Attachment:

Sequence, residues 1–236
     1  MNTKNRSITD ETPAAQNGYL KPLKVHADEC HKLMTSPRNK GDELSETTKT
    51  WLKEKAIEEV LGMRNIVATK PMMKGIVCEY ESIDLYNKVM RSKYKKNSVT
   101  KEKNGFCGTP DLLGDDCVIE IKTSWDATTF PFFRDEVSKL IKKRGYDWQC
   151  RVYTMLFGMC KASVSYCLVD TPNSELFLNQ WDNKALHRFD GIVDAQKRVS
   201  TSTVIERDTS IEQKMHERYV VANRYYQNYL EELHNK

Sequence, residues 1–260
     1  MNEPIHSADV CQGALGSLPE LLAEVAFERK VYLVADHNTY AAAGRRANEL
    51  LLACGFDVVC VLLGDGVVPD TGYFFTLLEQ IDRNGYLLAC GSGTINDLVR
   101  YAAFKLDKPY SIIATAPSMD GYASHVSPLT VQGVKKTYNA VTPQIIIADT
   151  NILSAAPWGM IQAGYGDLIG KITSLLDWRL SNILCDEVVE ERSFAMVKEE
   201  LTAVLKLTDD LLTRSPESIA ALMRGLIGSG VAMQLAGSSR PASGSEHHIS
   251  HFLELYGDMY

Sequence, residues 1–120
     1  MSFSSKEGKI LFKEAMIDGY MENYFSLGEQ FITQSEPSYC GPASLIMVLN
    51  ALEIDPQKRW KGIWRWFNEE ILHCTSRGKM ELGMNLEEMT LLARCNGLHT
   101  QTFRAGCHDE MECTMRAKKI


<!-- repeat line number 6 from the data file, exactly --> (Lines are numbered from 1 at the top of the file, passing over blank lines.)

   201  TSTVIERDTS IEQKMHERYV VANRYYQNYL EELHNK